Does Grace Make Light Of The Law?

Is Grace Taking The Law Seriously?

I’m often accused of not taking the law seriously.

I kind of find this amusing.


Because those that accuse me of this are never taking the law “seriously” themselves!

Let me say emphatically from the outset – I believe in the high standard of the law as given by Moses.

We should never make the law easier or lighter in any way.

But I believe that those who preach living by grace and grace alone are the only ones who take the law seriously in this way!

Because we don’t have to minimize it’s rules and regulations to make it more palatable or more attainable.


Because we recognise that it’s not for us as believers!

[Tweet “Christians are not under the law (Rom 6:14)”]

1 Timothy 1:8 states that the law “must be understood in the right context.” What is that context?

[Tweet “The law is for the unrighteous and not the righteous (1 Tim 1:8-10)”]

It’s only when you think Chrsitians are under the law that you start to abuse and diminish the law.

When you believe that Chrsitians are under the law you have no choice but to reduce the standard of the law. You must transition into a “pick & mix” gospel. This is because you can’t remove the law entirely yet you can’t uphold it entirely either.

Grace preachers are in fact the only ones who give the law it’s proper place.

The law is an all or nothing proposition.

So next time you hear someone accusing a “grace preacher” of making little of the law remember this:

Unless the person is a Jew they themselves do not take the law seriously!

Christians who choose to put themselves under the law choose to live in a form of law/grace mixture.

They choose to be lukewarm rather than hot or cold.

Just a thought anyway – I’d love to hear your comments below :)

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  1. The right context for the law to operate has passed away with the perfect perfecting Work of Christ! I believe Paul was sarcastic in 1 Timothy 1:7-10. Those trying to maintain moral uprightness by emphasizing the law, indict themselves and try to invalidate the justifying work of Christ…the law was made for sinners, not God’s justified ones!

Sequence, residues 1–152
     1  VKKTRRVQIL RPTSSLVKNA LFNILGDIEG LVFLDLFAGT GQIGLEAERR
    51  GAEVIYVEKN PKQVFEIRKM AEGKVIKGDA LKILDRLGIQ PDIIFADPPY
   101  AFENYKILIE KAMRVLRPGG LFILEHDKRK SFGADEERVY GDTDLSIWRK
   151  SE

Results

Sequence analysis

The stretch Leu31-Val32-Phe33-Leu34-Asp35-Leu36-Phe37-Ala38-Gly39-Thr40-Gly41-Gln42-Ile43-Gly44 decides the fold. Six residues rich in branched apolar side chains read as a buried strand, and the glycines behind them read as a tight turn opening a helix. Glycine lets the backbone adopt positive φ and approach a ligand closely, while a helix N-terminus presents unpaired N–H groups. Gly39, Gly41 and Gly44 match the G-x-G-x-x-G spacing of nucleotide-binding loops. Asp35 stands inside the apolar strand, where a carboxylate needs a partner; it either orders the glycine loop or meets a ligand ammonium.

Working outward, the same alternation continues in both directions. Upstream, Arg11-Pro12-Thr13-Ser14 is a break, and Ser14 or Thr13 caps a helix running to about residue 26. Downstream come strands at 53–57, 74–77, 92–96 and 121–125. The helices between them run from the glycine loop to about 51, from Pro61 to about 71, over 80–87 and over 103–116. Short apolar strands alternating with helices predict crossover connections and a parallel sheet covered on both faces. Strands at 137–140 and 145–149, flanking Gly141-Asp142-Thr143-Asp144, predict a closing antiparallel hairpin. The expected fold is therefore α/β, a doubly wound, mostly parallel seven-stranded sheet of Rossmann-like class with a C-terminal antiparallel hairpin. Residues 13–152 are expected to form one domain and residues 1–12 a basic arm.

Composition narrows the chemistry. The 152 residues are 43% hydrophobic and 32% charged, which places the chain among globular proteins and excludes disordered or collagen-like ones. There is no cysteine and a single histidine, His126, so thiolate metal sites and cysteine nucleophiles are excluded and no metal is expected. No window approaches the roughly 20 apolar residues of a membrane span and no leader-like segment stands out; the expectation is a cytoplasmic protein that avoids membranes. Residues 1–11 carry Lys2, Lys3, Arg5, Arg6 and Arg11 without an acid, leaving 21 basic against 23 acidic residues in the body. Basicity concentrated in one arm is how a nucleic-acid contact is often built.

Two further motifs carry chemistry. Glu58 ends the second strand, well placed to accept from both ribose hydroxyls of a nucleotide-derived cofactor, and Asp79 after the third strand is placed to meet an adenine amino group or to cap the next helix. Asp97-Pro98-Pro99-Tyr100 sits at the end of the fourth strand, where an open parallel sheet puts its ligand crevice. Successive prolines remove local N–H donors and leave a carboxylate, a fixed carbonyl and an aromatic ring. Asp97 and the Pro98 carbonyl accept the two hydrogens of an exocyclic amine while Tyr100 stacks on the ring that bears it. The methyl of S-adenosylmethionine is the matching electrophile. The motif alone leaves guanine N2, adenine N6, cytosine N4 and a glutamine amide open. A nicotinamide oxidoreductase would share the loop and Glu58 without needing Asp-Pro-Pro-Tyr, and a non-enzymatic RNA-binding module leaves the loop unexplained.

2. The law was never given to gentile in the first instance and it looks to me that gentile Christians who are trying to observe the law are deluded upholding something that is not theirs -Gal 4:4-5.The bible says the law is not the truth-John 1:17 but truth and grace came from Jesus Christ.The law demands but grace is given.How on earth could someone observes 613 laws of Moses.Believers are not under the law. Phil ride on with the gospel.Those ones are preaching another gospel.

    • Spot on!! The Gentile had absolutely nothing to do with the Law…even before Christ… So, it’s ludicrous to even suggest the Gentiles keep the law after Christ has come.. If we are antinomians, it’s because God is the Chief Antinominian!

    • Great point Taiwo – as you say – the law was not something the Gentiles were ever under – they would have been under their own religious codes etc. Ultimately whatever the “law” we find ourself under we have been set free from it! God hasn’t converted us to Judaism – He’s brought us into relationship with Him by His Spirit.

      • Phil, I wondered if you might briefing comment on using the law as a evangelistic tool. (Seems to be popular these days.) Knowing that Gentiles have never been under the law, is it necessary that we preach law to them in order for them to see their need for Christ? If the law isn’t veiling their minds, should we not just reveal the beauty of Jesus, His finished works, and the relationship He so desires to have with them? I’m absolutely loving the process of renewing my mind and receiving Gods love and grace. Thanks for walking with me on my journey…

        • Hey Ryan,

          Great question.

          I think for me that it’s not a great idea. However while the Gentiles were never under the law of Moses we have all been trapped in bondage to the law since the fall.

          The law comes in it’s fullest form in Ex 20 but actually originates in the garden.

          The law is ultimately represented by mankind saying “I will do what is right and do what is wrong”.

          It is a statement of independence from God and causes us to live in the flesh rather than the spirit.